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JUBA, SOUTH SUDAN – Nearly 130 people have been killed and thousands more displaced in violence over the past week in South Sudan’s Warrap state, according to a South Sudanese army spokesman.
During a government campaign Saturday to disarm civilians in Tonj East County, an argument erupted between a group of youths and soldiers in the town of Romic, according to County Executive Director Makuei Mabior.
The clashes left 127 people dead, including 82 civilians, according to Army spokesperson Major General Lul Ruai Koang.
“Unfortunately, the number of casualties on the side of our civilians is rising,” Koang told VOA’s South Sudan in Focus on Thursday. He said 45 soldiers were among the dead.
Family members missing
Tonj East resident Makol Tong accused soldiers of killing and raping civilians. Tong, who fled his home and is in hiding with one of his children, said he is still searching for several members of his family.
“I am now with only one child. Five other children are still missing; their mother is missing too, my brother, my sister and my mother all are still missing until now. I only managed to escape with this one child,” Tong told VOA.
Many people hiding in the bush like himself are in desperate need of food and medicine, added Tong.
“For these five days we have spent here, we are surviving on wild leaves. I pick them, chew it and give it to my child. I chew another and swallow it for myself. That is how we are surviving here,” he said.
One local woman, who asked not to be identified, said she tried to escape Romic when she heard gunshots. She alleged a group of soldiers captured and gang raped her Saturday evening.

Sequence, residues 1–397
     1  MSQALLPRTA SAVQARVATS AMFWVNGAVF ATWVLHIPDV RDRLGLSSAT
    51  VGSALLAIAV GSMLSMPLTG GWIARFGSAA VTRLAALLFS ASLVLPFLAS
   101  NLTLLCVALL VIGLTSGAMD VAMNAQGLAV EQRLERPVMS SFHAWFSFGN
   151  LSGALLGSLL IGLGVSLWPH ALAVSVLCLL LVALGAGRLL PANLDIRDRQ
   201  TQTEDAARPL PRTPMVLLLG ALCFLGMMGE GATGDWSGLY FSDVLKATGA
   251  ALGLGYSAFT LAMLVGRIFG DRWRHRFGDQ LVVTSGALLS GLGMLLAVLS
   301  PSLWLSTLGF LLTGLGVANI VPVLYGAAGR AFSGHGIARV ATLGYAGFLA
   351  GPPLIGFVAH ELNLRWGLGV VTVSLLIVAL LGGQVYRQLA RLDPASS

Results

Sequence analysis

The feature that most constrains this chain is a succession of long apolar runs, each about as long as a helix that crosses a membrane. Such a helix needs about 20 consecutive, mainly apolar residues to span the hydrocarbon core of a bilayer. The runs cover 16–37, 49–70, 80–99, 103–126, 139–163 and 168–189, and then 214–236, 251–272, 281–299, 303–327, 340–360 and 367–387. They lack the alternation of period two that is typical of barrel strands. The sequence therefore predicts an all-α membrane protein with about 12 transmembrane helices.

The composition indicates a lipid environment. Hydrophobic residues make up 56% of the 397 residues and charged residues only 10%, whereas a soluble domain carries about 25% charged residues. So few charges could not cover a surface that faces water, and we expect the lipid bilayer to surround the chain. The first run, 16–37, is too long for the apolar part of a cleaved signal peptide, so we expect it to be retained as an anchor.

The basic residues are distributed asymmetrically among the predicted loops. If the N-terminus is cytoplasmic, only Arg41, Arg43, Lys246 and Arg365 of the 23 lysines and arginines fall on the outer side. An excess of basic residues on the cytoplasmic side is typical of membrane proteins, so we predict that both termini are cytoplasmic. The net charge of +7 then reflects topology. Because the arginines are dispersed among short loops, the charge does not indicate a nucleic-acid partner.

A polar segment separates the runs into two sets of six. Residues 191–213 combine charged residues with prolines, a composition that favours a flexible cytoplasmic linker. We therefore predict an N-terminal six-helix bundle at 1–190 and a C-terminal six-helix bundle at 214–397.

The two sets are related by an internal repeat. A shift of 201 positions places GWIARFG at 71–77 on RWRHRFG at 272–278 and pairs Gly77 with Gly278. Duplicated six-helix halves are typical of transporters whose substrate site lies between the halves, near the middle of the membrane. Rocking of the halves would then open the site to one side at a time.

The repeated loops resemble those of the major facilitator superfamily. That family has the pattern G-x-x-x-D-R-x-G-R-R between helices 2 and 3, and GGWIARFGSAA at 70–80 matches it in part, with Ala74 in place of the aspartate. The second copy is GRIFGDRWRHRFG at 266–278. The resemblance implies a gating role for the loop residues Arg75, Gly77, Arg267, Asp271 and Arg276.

“I was trying to collect my things in the market when they caught me. They were like 10 men. Right now, my abdomen is hurting and there is no hospital I can go to,” the woman told VOA.
Military waiting for information
Major General Koang on Thursday would neither confirm nor deny accusations that soldiers raped and killed civilians.
“I can only confirm after I get in touch with relevant authorities on the ground,” Koang told South Sudan in Focus.
Need for food
Local chief Mawan Dhur is urging government officials to punish two generals who led the disarmament exercise.
“Perhaps the government of Kiir doesn’t want us anymore, the way it has shot at us,” Dhur told South Sudan in Focus, referring to South Sudan’s president, Salva Kiir. “There is no weapon they have not used against the civilians here. They have used all kinds of artillery, including tanks. I would like to tell the government, if you don’t have another agenda against us, rescue us from hunger and give us medical supplies.”

Source: Voice of America

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